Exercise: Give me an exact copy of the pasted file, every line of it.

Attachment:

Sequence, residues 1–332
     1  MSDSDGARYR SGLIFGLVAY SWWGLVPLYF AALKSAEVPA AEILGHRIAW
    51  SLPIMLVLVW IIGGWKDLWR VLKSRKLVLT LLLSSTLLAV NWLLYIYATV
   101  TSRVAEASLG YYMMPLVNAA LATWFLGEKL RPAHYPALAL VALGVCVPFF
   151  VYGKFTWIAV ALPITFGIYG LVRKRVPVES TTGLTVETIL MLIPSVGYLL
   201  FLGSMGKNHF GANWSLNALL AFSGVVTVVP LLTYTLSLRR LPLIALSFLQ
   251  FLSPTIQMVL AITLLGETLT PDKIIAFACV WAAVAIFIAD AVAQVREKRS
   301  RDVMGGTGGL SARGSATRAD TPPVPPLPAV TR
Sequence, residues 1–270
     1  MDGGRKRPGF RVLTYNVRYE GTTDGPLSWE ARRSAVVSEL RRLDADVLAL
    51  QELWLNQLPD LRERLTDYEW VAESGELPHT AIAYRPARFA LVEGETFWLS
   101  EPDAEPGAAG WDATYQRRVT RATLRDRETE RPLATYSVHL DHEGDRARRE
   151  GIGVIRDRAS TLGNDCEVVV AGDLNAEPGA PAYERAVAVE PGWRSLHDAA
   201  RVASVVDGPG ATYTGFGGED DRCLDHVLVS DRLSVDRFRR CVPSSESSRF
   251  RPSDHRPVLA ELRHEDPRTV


Sequence, residues 1–332
     1  MSDSDGARYR SGLIFGLVAY SWWGLVPLYF AALKSAEVPA AEILGHRIAW
    51  SLPIMLVLVW IIGGWKDLWR VLKSRKLVLT LLLSSTLLAV NWLLYIYATV
   101  TSRVAEASLG YYMMPLVNAA LATWFLGEKL RPAHYPALAL VALGVCVPFF
   151  VYGKFTWIAV ALPITFGIYG LVRKRVPVES TTGLTVETIL MLIPSVGYLL
   201  FLGSMGKNHF GANWSLNALL AFSGVVTVVP LLTYTLSLRR LPLIALSFLQ
   251  FLSPTIQMVL AITLLGETLT PDKIIAFACV WAAVAIFIAD AVAQVREKRS
   301  RDVMGGTGGL SARGSATRAD TPPVPPLPAV TR
Sequence, residues 1–270
     1  MDGGRKRPGF RVLTYNVRYE GTTDGPLSWE ARRSAVVSEL RRLDADVLAL
    51  QELWLNQLPD LRERLTDYEW VAESGELPHT AIAYRPARFA LVEGETFWLS
   101  EPDAEPGAAG WDATYQRRVT RATLRDRETE RPLATYSVHL DHEGDRARRE
   151  GIGVIRDRAS TLGNDCEVVV AGDLNAEPGA PAYERAVAVE PGWRSLHDAA
   201  RVASVVDGPG ATYTGFGGED DRCLDHVLVS DRLSVDRFRR CVPSSESSRF
   251  RPSDHRPVLA ELRHEDPRTV